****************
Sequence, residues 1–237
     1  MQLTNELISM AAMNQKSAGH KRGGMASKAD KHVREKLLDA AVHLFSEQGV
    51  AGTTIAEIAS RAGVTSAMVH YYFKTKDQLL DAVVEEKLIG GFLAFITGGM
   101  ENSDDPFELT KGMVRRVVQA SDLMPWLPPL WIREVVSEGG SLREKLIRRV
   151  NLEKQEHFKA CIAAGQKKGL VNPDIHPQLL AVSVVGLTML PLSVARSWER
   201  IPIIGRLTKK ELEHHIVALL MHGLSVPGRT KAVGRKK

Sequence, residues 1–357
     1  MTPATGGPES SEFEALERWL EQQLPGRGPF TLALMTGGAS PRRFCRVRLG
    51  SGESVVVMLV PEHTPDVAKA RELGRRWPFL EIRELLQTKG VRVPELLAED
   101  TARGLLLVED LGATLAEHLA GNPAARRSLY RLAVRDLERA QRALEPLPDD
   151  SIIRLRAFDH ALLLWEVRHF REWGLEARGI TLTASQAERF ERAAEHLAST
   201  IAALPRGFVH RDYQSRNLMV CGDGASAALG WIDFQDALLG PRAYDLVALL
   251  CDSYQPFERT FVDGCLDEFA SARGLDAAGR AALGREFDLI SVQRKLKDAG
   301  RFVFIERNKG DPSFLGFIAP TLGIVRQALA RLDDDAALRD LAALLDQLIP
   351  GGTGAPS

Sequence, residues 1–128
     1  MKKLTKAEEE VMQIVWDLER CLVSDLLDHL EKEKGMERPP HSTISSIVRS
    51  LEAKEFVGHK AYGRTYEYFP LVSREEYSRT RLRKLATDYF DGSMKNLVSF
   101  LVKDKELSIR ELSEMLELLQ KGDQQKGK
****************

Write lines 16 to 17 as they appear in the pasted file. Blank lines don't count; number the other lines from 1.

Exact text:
Sequence, residues 1–128
     1  MKKLTKAEEE VMQIVWDLER CLVSDLLDHL EKEKGMERPP HSTISSIVRS